KARACHI: With his time in Pakistan colours now probably a thing of the past there is a fair degree of enthusiasm whatever Kamran Akmal does on the cricket field. Having turned 38 five weeks ago, the wicket-keeper/batsman still goes about his job with a smile.
The Peshawar Zalmi’s elder statesman had been one of the success stories of the HBL Pakistan Super League and unsurprisingly is the outright leader on the batting chart with a tally of 1286 runs in 47 matches while averaging 29.22 and enjoying a strike-rate of 134.51. He is only player with two centuries under belt.
The Lahore-born Kamran — who is oldest of the three brothers who also played for the country — maintains a calm exterior on his face. Now preparing for season V of the PSL, Kamran wants to help Peshawar win their second title.
“The three years we had after the inaugural season had been a sort of mixed feelings. Imagine making to the final in each of those seasons and losing twice was painful for the entire Zalmi family,” Kamran told Dawn in an interview on the sidelines of the practice game against Islamabad United at the UBL Sports complex here on Tuesday. “I remember us celebrating when we beat Quetta [Gladiators] in the 2017 final at the Gaddafi Stadium. There were great scenes and scores of people attired in yellow colours danced in joy.
“But the next two years were really heartbreaking for the Peshawar fans as lost back-to-back finals [against Islamabad in 2018 and Quetta in 2019]. Everyone in the camp just wondered and asked where we went wrong. But I think how Allah had planned our destiny and we cannot be complaining over that, can we?”
Kamran reminiscent the first PSL with a tinge of disappointment in his tone, when he revealed: “It was surely one of the lowest points of my career as professional cricketer because I hardly contributed with the bat [Kamran scored 151 runs in 10 innings at 16.77 with a best of 45]. The thoughts of quitting kept creeping inside me. But Peshawar team management quickly talked me out of it.
“They are simply wonderful people in this respect. I mean the way Javed Afridi [team owner] motivated me then was beyond description. He kept urging me by saying ‘you will come back much stronger next season’. Those words still echo in my ears whenever I think of those depressing times.
“The other reason of my PSL career resurgence was the change in strategies. I batted in the middle order in the first year and hopelessly looked out of place, to be honest. Before the 2017 season, Darren Sammy was named as the captain. Darren and Haji [head coach Mohammad Akram] both felt it would be a good move to send me at the top of the order.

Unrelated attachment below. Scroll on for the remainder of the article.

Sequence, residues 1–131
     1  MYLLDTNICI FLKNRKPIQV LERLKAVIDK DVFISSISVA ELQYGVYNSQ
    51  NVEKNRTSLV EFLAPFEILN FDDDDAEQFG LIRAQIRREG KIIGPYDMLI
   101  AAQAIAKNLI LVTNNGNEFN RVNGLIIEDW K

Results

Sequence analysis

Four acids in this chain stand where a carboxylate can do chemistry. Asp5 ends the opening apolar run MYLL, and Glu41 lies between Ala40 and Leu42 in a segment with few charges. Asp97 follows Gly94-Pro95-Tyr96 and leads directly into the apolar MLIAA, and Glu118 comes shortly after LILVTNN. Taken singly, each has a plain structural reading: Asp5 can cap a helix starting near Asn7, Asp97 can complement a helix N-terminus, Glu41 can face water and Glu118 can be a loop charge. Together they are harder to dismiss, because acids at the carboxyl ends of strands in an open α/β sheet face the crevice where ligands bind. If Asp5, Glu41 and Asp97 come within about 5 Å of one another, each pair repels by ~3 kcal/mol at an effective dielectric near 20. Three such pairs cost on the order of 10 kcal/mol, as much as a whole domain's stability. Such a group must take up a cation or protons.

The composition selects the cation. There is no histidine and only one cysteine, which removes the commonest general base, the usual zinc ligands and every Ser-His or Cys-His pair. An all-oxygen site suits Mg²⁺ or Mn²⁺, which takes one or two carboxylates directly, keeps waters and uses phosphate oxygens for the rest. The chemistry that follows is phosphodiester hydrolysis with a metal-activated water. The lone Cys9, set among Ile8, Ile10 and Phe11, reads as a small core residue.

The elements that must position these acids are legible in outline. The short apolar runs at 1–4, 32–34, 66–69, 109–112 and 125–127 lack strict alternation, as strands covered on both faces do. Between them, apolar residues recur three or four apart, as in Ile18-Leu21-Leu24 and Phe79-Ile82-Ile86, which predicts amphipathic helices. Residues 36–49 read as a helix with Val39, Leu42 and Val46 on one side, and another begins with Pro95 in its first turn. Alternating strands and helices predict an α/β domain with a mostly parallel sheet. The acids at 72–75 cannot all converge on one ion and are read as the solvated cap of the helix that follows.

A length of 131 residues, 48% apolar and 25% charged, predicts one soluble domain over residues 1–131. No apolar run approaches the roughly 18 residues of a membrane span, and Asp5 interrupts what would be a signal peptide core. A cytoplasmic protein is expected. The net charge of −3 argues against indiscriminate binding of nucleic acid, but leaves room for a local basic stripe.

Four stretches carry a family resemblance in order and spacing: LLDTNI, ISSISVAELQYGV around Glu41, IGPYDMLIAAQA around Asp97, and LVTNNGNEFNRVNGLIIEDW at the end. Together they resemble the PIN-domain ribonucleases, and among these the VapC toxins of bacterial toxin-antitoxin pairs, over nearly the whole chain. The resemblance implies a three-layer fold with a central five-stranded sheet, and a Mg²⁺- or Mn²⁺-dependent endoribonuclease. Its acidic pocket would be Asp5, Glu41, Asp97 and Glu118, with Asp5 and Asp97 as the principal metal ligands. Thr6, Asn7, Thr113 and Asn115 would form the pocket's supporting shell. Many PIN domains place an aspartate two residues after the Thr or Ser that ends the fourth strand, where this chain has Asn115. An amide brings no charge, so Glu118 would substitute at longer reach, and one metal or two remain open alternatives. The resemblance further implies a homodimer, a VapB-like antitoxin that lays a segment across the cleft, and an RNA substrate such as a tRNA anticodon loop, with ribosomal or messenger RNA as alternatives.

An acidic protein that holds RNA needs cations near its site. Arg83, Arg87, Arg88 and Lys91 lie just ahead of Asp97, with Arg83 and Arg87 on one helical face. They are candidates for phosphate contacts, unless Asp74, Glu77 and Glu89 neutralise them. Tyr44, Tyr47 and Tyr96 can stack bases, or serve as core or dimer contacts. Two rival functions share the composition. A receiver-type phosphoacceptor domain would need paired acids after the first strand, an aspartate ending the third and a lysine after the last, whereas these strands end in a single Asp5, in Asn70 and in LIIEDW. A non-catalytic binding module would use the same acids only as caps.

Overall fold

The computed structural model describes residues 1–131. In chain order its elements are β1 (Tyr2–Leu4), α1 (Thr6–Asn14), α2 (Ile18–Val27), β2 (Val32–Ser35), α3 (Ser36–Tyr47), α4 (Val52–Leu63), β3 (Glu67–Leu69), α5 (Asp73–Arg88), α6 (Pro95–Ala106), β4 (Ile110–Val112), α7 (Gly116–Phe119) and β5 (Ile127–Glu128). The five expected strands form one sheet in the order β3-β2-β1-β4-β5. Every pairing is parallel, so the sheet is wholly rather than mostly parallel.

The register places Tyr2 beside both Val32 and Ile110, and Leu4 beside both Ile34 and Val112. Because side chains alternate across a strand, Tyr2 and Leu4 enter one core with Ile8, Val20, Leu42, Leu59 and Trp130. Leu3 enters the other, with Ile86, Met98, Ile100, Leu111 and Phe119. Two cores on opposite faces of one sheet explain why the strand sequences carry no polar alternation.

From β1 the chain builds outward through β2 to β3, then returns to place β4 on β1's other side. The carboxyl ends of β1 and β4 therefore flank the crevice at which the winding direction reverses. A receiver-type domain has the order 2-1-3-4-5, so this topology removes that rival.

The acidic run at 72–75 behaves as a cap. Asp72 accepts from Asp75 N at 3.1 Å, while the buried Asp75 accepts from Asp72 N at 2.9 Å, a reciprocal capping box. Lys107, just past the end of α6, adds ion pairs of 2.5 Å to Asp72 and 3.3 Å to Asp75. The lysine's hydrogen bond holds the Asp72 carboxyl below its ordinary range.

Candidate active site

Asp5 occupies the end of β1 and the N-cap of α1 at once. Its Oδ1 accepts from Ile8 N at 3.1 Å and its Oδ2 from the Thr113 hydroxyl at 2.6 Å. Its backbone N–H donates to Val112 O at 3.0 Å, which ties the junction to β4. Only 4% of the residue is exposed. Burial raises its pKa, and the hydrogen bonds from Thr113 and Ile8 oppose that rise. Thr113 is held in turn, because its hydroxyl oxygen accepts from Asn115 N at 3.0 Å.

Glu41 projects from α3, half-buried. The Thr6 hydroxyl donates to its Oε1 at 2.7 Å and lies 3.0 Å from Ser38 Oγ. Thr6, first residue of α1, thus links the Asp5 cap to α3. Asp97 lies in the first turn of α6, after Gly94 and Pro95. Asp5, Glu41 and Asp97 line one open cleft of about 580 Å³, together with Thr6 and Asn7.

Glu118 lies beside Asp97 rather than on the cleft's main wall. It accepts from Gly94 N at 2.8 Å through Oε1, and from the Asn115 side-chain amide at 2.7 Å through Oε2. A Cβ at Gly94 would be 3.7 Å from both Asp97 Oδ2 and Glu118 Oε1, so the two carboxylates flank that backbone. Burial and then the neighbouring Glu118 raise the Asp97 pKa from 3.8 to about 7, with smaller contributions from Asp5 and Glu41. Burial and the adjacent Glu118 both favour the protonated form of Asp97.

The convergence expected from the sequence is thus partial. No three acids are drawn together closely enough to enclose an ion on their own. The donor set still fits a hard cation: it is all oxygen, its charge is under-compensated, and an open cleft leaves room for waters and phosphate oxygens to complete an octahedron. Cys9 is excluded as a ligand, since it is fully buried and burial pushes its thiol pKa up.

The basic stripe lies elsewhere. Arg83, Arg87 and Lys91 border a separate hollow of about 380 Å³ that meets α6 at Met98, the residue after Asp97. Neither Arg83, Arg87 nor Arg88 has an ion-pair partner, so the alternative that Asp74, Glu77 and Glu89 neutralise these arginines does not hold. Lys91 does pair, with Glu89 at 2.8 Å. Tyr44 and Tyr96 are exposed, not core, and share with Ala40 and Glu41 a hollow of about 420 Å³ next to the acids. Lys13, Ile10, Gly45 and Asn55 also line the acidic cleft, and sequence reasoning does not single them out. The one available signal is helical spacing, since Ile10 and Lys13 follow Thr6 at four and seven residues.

“I rate that decision among the most critical ones of my career because it allowed me to express myself with freedom. I say with pride that it changed my entire perception about T20 cricket. People think it is a great platform to blood the youngsters. I agree partly on this notion since my ideology on this that if young players are to be properly groomed, the best route should be to let them have a taste of PSL initially and then developed them through four-day and one-day cricket before considering them for international cricket.
“In our culture this philosophy is hardly adopted because we believe in a ‘picking them young’ policy without realising the consequences in the long run. This must change if Pakistan are to compete consistently with the top sides across all formats,” Kamran advised.
When asked to reveal his best ever innings in the PSL, Kamran bracketed two he played in the playoffs. “Both came against Karachi Kings in the eliminator fixtures. The 104 [off 65 balls] in Dubai in 2017 helped Zalmi post enough total to defend [in the end they won by 34 runs]. The one in Lahore in 2018 was a sensational game because it rained a lot then and the match was reduced to 16 overs per side.
“Sensing the need for quick runs, I made 77 from about 25 balls [27 to e précised] as we reached 170-2 and then contained them to 157.”
Published in Dawn, February 19th, 2020